It is also a courageous example of Jesus not capitulating to Pilate's real threat of pain and death. His refusal to engage the trumped up accusation - "King of the Jews" - has the double effect of confirming his honour to his followers while undermining the legitimacy of the political and religious authorities in their eyes. The authorities "accuse" Jesus of being the "King of the Jews." They don't get that this true and not a crime.
Pilate Before the Crowd
I'm not sure if we should make too much of this, but the Greek word used for "crowd" in Verse 8, is not the same word used to describe the "many" who shouted "Hosanna," when Jesus entered Jerusalem way back on Palm Sunday (Mark 11:8-10). In fact, the word used for "many" on Palm Sunday, is also the word used for "many" on Thursday in the Last Supper, "This is my blood of the covenant which is poured out for many." (Mark 14:24)
In any case, many scholars such as Borg and Crossan argue that this "crowd" would not be the earlier crowd that the religious authorities were afraid of because of their support for Jesus. This would be a crowd that they had selected, a crowd who supported them. If this passage is being read in a worship service, "the crowd" should be the Board / Council / Session / Committees / Etc.; not the congregation.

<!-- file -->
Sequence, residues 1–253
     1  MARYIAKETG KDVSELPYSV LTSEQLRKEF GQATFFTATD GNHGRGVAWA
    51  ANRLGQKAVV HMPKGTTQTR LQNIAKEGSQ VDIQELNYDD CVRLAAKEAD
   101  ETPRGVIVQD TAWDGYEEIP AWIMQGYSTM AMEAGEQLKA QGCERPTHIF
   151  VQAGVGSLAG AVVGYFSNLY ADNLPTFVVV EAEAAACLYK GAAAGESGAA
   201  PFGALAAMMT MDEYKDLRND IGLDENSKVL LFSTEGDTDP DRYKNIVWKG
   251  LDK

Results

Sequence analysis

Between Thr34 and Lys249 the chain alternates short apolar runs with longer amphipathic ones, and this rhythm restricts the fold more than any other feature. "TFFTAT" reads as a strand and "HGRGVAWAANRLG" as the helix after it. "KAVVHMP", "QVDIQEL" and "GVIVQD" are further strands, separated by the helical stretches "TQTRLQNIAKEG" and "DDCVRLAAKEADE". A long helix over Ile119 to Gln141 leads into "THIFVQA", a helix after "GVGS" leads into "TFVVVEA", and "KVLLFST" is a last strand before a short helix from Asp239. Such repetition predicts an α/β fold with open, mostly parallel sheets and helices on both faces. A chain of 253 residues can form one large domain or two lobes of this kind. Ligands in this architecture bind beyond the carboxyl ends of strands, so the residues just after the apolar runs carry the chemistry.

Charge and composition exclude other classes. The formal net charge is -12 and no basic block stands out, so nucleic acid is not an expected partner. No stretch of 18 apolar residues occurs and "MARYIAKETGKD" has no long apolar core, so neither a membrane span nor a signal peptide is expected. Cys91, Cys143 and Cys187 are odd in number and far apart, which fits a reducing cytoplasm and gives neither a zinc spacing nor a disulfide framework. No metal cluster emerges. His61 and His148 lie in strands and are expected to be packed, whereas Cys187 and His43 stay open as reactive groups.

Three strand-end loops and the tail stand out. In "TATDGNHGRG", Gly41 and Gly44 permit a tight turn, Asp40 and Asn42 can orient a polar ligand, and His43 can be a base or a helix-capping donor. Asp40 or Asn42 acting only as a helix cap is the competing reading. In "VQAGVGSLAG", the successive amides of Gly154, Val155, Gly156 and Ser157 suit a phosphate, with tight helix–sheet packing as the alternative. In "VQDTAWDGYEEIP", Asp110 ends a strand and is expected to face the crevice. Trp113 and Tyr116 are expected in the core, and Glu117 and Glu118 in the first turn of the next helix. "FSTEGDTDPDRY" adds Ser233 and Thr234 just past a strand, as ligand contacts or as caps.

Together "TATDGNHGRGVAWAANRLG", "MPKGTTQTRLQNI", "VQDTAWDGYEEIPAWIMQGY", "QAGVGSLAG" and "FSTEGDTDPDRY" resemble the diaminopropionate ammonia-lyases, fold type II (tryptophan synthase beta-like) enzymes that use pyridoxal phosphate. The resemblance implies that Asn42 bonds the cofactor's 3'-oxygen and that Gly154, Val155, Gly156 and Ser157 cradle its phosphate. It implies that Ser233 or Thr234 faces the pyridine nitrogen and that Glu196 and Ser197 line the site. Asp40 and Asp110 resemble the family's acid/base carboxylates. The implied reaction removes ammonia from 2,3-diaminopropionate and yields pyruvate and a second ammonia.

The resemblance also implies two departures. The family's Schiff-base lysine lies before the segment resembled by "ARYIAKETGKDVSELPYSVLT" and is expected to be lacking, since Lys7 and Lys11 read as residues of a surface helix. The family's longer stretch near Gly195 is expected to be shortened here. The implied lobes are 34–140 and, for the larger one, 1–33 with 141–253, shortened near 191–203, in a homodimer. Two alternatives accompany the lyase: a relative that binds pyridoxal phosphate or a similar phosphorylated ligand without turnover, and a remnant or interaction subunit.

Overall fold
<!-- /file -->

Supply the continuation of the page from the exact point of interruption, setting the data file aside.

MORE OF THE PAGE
Jesus' Degradation and Death
Crucifixion was a particularly brutal form of public execution that was intended not only to kill the person, but also to kill any lingering thoughts of following his example. This is not quiet diplomacy. This is the gloves off, iron fist of power re-asserting itself.
They could have just cut his head off, as happened to John the Baptist. But that would not do for Jesus. He must be killed, but he must also be degraded and dishonoured publicly. That is what the flogging, mocking, and stripping naked do.
In various ways the actions of the soldiers and the authorities all recall the temptations Jesus faced during his 40 day fast at the outset of his ministry (Matthew 4:1-11, Mark 1:12-13, Luke 4:1-13): to confuse the need for food / physical life with the need for purpose / spiritual life; to capitulate to the powers of this age and abandon the Realm of God; to test God by seeking to save himself ("throw yourself down from here").
Jesus' cry, "My God, my God, why have you abandoned me?" is surely the most heart-rending - and dreaded - words in scripture.
Heart-rending because of the pain of despair that has been added to the physical pain.
Dreaded because one of our worst fears is that in our time of greatest need we will be abandoned and left alone.
Whatever happened to: "Though you die, yet shall you live;" or "Not even death can separate us from God's love." If Jesus - God's Son, God's Beloved - feels abandoned - no, IS abandoned? - what hope have I?
Mark notes three things at the death of Jesus:
- Cosmic Response. The curtain in the Temple that separates the Holy of Holies from the rest of the Temple area is split in two, from top to bottom. Probably metaphoric and not historical, the splitting of the curtain has been understood by Christians as meaning that Jesus' faithfulness to God's will to proclaim the Good News of God's Kingdom - even in the face of pain and death - has permanently removed the barrier to direct access to God's blessings for "the many."